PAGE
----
Parker, depressed and besotted by drink, made multiple suicide attempts. While hospitalized for alcoholism, her reply to her doctor who cautioned she would be dead in a month if she did not stop drinking, was, “Promises, promises.” She died June 7, 1967 leaving no known survivors. She left her modest estate, including copyrights, to Martin Luther King with instructions that its assets be conveyed to the National Association for the Advancement of Colored People. Parker, although not known to have been active in civil rights matters in her later life, had long-been an advocate of liberal causes.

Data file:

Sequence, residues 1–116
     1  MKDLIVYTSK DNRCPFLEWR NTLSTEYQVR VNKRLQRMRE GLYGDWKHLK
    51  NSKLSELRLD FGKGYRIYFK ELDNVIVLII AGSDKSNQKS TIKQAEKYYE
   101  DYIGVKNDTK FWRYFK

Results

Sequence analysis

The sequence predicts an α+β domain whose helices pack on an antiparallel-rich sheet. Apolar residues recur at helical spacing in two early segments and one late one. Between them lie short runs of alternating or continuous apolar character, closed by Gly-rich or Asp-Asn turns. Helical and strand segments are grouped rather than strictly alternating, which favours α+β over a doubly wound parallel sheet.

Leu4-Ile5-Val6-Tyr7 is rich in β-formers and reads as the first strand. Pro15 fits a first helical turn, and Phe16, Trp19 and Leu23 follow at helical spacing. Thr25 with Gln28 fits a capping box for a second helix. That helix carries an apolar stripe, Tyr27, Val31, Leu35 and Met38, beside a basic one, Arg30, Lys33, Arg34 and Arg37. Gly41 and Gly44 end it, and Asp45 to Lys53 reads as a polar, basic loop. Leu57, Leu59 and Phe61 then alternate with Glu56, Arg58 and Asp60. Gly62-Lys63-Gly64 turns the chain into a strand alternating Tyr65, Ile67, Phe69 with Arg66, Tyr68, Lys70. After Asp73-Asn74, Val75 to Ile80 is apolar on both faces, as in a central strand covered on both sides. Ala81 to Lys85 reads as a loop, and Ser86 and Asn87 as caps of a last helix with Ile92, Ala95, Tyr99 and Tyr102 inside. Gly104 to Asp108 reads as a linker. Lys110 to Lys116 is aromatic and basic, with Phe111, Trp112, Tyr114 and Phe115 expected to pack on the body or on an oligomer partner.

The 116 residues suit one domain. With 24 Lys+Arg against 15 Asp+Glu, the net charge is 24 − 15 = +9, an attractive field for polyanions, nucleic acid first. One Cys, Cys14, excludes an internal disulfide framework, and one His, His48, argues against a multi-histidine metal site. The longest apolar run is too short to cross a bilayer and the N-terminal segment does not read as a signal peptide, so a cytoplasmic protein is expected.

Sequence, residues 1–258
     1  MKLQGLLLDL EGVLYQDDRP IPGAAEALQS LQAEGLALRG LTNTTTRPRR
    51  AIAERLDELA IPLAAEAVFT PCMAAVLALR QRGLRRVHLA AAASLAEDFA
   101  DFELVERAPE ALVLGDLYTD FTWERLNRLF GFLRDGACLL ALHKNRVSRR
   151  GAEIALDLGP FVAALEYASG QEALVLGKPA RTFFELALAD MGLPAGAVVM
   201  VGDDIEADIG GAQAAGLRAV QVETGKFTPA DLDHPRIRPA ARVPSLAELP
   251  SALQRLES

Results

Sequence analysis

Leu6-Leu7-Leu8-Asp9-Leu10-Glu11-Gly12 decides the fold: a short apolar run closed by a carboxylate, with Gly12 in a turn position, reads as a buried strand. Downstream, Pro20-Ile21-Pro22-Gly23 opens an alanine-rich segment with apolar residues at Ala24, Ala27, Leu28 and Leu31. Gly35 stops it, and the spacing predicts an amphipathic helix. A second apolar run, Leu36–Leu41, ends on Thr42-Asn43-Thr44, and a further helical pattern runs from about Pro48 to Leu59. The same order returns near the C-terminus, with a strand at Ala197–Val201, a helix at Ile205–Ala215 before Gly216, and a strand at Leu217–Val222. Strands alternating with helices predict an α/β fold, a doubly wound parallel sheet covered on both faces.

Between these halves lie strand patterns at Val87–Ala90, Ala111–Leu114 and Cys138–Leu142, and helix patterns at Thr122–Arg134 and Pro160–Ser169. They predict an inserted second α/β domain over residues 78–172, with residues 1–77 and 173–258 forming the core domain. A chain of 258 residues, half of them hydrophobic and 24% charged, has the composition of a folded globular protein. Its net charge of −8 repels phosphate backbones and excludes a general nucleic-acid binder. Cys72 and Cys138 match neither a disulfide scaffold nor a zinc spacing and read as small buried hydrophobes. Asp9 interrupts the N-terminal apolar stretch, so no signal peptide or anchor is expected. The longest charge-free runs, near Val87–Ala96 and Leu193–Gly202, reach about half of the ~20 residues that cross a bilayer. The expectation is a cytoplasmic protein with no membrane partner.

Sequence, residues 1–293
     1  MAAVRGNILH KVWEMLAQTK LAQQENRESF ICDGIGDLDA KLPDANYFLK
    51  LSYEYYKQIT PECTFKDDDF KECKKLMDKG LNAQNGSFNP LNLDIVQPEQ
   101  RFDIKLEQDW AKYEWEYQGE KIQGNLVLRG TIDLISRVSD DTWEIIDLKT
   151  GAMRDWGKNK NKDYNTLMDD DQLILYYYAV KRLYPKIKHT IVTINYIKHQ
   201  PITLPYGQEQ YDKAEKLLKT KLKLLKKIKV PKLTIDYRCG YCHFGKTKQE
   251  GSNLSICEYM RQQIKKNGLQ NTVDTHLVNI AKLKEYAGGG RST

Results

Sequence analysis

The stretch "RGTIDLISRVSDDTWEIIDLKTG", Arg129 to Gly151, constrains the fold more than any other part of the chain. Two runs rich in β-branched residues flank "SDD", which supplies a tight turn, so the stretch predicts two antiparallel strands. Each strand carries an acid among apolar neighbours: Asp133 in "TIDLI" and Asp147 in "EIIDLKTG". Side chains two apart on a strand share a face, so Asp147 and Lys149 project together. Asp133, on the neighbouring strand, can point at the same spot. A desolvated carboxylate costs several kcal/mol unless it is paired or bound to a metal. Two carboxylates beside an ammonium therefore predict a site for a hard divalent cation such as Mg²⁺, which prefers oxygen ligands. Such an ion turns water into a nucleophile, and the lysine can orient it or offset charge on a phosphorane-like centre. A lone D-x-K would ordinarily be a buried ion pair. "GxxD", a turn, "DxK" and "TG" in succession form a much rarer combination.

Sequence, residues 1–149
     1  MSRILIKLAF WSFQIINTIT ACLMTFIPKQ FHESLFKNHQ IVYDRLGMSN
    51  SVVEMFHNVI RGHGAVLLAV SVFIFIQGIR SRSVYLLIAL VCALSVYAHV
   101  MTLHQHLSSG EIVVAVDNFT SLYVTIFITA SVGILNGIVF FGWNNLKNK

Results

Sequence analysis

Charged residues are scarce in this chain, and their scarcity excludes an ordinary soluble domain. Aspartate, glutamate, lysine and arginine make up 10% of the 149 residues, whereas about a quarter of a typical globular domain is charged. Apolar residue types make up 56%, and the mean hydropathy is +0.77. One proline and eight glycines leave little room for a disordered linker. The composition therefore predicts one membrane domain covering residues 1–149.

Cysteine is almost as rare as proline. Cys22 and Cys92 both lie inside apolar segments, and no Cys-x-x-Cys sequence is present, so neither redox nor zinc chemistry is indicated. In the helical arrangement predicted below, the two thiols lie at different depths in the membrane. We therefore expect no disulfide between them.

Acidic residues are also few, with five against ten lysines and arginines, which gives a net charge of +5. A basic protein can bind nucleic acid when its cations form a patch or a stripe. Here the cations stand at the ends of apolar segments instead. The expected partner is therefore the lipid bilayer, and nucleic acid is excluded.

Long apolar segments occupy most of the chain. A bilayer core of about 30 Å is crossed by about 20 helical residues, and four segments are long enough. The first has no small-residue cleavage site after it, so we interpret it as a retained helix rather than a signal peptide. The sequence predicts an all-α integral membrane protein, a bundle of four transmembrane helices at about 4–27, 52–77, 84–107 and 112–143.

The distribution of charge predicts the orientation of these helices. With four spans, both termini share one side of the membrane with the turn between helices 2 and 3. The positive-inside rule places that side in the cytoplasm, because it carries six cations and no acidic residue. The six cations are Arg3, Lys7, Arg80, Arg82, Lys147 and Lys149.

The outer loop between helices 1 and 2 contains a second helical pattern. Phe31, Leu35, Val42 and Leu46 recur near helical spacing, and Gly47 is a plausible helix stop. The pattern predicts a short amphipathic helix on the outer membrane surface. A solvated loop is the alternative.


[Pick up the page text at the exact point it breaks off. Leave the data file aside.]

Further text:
The renascence of interest in Parker in recent years includes the organization of a Dorothy Parker Society. Honors arrived with a commemorative postage stamp in the Literary Arts series which postal service custom suggests be introduced in the subject’s native place. The August 22, 1992 First Day of Issue ceremonies were held in West End Park, a few hundred yards north of her birth site.
Despite Dorothy Parker’s accidental tie to the Jersey Shore, she and her Long Branch site of birth, the 732 Ocean Avenue, West End family summer home, are celebrated on the Friends of Libraries USA Literary Landmarks Register. Parker is one of America’s celebrated women writers of her generation.
Modern multiple residential dwellings occupy the Parker birthplace site, although passers-by are enlightened of her origins there by a post with a plaque that commemorates the site’s historical significance.
About the Author: